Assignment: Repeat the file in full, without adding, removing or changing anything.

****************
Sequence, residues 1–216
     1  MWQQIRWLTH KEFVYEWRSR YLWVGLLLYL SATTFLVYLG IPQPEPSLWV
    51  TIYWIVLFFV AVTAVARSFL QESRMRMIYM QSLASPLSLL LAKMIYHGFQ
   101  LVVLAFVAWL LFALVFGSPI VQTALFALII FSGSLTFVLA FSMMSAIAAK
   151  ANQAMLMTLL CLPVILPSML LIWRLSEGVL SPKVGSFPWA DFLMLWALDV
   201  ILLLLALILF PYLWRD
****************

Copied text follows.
Sequence, residues 1–216
     1  MWQQIRWLTH KEFVYEWRSR YLWVGLLLYL SATTFLVYLG IPQPEPSLWV
    51  TIYWIVLFFV AVTAVARSFL QESRMRMIYM QSLASPLSLL LAKMIYHGFQ
   101  LVVLAFVAWL LFALVFGSPI VQTALFALII FSGSLTFVLA FSMMSAIAAK
   151  ANQAMLMTLL CLPVILPSML LIWRLSEGVL SPKVGSFPWA DFLMLWALDV
   201  ILLLLALILF PYLWRD